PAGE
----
FEC filing[48]
[49]
 
Wayne Messam
June 7, 1974
(age 44)
South Bay, Florida
Mayor of Miramar, Florida (2015–present)  
Florida
 
Campaign
Exploratory committee:
March 13, 2019
Campaign: March 28, 2019

FEC filing[50]
[51]
 
Seth Moulton
October 24, 1978
(age 40)
Salem, Massachusetts
U.S. Representative from MA-06 (2015–present)
Captain, United States Marine Corps (2001-2008)
 
Massachusetts
 
Campaign
Campaign: April 22, 2019
FEC filing[52]
[53]
 
Beto O'Rourke
September 26, 1972
(age 46)
El Paso, Texas
U.S. Representative from TX-16 (2013–2019)
Democratic nominee for U.S. Senate from Texas in 2018
 
Texas
 
Campaign
Campaign: March 14, 2019
FEC filing[54]
[55]
 
Tim Ryan
July 16, 1973
(age 45)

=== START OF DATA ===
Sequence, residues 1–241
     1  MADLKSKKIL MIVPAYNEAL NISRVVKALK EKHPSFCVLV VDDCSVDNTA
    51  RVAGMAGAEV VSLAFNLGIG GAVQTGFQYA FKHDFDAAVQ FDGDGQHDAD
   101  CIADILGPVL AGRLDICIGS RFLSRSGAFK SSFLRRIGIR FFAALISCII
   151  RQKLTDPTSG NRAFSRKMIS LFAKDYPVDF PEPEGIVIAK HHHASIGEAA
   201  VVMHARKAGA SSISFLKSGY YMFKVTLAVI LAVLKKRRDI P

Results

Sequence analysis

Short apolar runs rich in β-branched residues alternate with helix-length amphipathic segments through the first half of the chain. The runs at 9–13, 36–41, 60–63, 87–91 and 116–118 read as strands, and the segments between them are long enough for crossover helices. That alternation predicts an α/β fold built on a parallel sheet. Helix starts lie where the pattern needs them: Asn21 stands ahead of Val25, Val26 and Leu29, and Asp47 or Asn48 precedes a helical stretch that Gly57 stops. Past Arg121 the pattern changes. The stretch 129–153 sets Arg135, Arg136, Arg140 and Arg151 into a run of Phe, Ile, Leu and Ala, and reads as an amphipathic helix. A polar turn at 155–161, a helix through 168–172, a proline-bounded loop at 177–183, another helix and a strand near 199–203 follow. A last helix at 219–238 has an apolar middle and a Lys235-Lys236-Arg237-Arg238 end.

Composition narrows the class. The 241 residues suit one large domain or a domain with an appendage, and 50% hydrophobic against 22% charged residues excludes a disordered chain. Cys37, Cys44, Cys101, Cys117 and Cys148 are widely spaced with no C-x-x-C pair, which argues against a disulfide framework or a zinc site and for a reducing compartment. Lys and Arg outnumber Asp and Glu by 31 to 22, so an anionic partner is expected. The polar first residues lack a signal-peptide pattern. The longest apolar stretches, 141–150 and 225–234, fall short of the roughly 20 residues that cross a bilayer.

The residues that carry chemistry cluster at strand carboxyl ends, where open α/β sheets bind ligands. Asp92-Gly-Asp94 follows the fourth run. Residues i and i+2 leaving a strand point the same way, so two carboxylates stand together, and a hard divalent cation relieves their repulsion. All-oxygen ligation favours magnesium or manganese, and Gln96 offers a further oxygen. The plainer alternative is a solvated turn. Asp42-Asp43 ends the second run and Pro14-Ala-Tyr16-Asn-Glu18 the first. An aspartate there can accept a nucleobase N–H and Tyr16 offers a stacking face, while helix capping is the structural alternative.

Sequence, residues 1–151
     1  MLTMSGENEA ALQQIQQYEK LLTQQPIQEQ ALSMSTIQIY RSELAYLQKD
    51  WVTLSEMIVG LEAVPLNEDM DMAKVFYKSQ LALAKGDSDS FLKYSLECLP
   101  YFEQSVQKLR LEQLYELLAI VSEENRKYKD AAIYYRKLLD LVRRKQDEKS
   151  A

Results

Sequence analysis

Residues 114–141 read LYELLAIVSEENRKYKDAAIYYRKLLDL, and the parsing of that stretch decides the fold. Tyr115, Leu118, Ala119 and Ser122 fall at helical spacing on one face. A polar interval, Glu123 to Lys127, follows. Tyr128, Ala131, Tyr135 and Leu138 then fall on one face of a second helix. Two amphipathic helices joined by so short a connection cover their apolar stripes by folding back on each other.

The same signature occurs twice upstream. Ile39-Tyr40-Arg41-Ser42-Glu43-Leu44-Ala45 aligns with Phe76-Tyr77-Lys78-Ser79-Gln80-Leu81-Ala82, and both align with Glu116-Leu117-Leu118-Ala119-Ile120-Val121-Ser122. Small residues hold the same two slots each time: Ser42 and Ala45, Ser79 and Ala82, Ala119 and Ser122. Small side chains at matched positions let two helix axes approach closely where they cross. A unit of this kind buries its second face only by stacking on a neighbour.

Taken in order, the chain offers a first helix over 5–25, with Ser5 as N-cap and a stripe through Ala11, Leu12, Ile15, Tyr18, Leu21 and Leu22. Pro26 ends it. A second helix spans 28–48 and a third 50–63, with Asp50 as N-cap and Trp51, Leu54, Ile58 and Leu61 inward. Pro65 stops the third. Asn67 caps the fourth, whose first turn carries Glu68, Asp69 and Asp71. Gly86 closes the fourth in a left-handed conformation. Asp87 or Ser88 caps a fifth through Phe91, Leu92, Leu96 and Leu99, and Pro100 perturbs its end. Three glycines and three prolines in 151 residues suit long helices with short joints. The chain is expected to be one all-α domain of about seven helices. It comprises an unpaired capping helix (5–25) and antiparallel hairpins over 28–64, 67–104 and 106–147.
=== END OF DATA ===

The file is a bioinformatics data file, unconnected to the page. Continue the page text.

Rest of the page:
Niles, Ohio
U.S. Representative from Ohio (2003–present)
OH-17 (2003–2013); OH-13 (2013-present)
 
Ohio
 
Campaign
Campaign: April 4, 2019
FEC filing[56]
[57]
 
Bernie Sanders
September 8, 1941
(age 77)
Brooklyn, New York
U.S. Senator from Vermont (2007–present)
U.S. Representative from VT-AL (1991–2007)
Mayor of Burlington, Vermont (1981–1989)
Democratic candidate for President in 2016
 
Vermont
 
Campaign
Campaign: February 19, 2019
FEC filing[58]
[59]
 
Eric Swalwell
November 16, 1980
(age 38)
Sac City, Iowa
U.S. Representative from CA-15 (2013–present)
Dublin City Councilman (2010–2013)
 
California
 
Campaign
Campaign: April 8, 2019
FEC filing[60]
[61]
 
Elizabeth Warren
June 22, 1949
(age 69)
Oklahoma City, Oklahoma
U.S. Senator from Massachusetts (2013–present)  
Massachusetts
 
Campaign
Exploratory committee:
December 31, 2018
Campaign: February 9, 2019

FEC filing[62]
[63]